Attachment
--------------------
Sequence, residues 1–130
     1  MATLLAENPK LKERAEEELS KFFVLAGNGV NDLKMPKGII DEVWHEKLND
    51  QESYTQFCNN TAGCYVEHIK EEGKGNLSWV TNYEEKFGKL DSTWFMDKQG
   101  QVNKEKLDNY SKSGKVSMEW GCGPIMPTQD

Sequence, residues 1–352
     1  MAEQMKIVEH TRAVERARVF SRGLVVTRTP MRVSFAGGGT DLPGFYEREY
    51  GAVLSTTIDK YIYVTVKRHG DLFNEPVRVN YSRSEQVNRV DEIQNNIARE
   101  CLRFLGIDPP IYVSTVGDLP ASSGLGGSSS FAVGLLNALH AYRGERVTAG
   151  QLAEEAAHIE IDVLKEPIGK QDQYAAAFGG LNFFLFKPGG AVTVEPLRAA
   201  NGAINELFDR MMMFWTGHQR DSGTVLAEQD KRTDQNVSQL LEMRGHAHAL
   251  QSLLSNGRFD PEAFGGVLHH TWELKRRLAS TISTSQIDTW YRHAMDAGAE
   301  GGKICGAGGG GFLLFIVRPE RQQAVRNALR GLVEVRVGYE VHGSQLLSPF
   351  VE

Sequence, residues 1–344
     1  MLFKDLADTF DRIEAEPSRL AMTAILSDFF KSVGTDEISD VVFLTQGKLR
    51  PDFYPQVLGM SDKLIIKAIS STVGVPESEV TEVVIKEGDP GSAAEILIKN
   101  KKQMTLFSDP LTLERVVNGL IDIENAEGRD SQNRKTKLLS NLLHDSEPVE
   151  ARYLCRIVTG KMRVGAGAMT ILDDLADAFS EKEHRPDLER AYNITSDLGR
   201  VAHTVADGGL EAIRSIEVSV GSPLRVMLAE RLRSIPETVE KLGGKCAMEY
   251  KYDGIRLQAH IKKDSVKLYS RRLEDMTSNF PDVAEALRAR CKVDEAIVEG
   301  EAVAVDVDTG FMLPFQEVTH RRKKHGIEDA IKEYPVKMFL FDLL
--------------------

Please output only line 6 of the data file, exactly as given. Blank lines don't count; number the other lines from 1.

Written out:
     1  MAEQMKIVEH TRAVERARVF SRGLVVTRTP MRVSFAGGGT DLPGFYEREY